99 questions/Solutions/73 - Revision history
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<p><b>New page</b></p><div>(**) Lisp-like tree representation.<br />
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There is a particular notation for multiway trees in Lisp. Lisp is a prominent functional programming language, which is used primarily for artificial intelligence problems. As such it is one of the main competitors of Prolog. In Lisp almost everything is a list, just as in Prolog everything is a term.<br />
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The following pictures show how multiway tree structures are represented in Lisp.<br />
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https://prof.ti.bfh.ch/hew1/informatik3/prolog/p-99/p73.png<br />
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Note that in the "lispy" notation a node with successors (children) in the tree is always the first element in a list, followed by its children. The "lispy" representation of a multiway tree is a sequence of atoms and parentheses '(' and ')', which we shall collectively call "tokens". We can represent this sequence of tokens as a Prolog list; e.g. the lispy expression (a (b c)) could be represented as the Prolog list ['(', a, '(', b, c, ')', ')']. Write a predicate tree_ltl(T,LTL) which constructs the "lispy token list" LTL if the tree is given as term T in the usual Prolog notation.<br />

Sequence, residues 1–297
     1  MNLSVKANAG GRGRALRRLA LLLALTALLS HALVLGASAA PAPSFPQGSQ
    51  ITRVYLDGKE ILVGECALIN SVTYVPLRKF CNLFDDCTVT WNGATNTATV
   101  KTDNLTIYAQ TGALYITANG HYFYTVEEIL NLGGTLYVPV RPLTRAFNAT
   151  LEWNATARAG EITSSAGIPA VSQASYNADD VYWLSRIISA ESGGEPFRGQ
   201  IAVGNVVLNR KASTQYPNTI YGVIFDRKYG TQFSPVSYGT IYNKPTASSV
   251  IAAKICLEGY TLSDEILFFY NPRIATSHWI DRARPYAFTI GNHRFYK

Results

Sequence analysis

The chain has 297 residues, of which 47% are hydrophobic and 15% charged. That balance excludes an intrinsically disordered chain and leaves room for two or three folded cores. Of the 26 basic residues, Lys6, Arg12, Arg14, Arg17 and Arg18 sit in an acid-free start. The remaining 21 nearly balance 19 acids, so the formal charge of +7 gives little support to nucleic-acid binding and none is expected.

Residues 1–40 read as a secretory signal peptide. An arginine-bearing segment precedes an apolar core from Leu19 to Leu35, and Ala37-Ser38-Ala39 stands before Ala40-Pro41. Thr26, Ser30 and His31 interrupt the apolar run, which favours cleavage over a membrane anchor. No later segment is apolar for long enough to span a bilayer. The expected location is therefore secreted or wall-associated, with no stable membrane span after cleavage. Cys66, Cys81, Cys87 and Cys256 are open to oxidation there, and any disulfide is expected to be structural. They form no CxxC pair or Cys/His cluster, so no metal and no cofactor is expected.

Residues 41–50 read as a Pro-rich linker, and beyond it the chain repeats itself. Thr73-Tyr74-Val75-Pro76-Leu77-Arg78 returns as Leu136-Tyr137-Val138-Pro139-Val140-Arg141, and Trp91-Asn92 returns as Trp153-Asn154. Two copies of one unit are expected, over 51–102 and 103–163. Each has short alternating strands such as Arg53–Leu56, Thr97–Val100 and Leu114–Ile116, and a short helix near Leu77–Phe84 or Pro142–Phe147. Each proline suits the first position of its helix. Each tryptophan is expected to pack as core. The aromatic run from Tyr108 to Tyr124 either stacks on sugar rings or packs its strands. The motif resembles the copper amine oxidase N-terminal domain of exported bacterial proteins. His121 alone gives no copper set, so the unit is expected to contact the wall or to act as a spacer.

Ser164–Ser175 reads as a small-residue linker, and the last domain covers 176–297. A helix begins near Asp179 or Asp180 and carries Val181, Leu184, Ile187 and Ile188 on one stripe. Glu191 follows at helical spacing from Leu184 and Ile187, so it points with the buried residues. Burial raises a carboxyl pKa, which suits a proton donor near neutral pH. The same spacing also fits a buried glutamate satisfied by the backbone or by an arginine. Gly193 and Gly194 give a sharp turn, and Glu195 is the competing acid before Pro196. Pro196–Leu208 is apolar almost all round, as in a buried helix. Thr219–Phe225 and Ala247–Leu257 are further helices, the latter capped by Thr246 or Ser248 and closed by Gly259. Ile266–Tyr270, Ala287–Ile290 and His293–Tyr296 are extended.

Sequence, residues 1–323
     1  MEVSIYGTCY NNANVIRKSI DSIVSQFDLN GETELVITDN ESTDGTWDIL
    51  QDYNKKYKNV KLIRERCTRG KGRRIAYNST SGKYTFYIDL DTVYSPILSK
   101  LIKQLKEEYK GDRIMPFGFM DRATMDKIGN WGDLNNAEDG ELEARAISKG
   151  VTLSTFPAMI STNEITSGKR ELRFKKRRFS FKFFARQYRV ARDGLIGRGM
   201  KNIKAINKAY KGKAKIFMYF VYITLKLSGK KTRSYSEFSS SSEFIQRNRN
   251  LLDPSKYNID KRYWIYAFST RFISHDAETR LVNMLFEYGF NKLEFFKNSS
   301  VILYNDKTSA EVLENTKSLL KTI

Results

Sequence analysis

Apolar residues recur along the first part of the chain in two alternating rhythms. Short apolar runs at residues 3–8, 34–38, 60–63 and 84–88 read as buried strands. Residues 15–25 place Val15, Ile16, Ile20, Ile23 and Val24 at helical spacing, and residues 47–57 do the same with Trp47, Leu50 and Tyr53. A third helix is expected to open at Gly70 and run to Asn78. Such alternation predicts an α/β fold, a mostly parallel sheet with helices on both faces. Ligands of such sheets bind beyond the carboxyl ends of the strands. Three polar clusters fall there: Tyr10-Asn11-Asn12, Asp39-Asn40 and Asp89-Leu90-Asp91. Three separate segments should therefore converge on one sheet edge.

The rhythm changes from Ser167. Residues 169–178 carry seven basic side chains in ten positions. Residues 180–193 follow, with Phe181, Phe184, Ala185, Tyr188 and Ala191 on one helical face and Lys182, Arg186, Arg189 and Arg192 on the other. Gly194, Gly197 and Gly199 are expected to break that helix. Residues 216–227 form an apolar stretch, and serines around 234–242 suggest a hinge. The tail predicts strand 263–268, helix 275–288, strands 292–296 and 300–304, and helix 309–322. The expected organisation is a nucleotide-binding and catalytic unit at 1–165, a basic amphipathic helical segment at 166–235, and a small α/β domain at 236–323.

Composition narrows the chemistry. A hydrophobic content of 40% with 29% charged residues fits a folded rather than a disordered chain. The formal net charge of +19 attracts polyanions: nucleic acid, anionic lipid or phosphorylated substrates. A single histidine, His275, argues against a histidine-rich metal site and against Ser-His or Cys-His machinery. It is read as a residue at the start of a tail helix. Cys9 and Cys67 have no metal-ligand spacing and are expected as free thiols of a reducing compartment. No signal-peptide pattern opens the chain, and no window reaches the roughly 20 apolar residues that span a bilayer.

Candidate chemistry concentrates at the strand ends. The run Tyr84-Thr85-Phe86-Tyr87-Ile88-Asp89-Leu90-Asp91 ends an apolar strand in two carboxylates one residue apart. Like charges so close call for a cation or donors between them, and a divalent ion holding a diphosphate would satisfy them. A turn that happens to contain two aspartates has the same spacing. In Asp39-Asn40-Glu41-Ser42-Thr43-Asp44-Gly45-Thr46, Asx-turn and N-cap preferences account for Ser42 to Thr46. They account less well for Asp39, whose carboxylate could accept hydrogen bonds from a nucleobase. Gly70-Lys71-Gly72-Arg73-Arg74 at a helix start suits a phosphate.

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Solution using the <tt>Syntax</tt> type used in problem 70 above:<br />
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<haskell><br />
lisp :: Syntax (Tree Char)<br />
lisp = iso toTree fromTree<br />
(literal '(' *> (char <*> list (space *> lisp) (literal ')')) <|> char)<br />
where toTree (Left (x, ts)) = Node x ts<br />
toTree (Right x) = Node x []<br />
fromTree (Node x []) = Right x<br />
fromTree (Node x ts) = Left (x, ts)<br />
</haskell><br />
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Here we use the isomorphism between <tt>Tree a</tt> and <tt>Either (a, [Tree a]) a</tt>, where the list is non-empty.</div>Thu, 15 Jul 2010 15:44:21 GMTWapcaplethttp://www.haskell.org/haskellwiki/Talk:99_questions/Solutions/73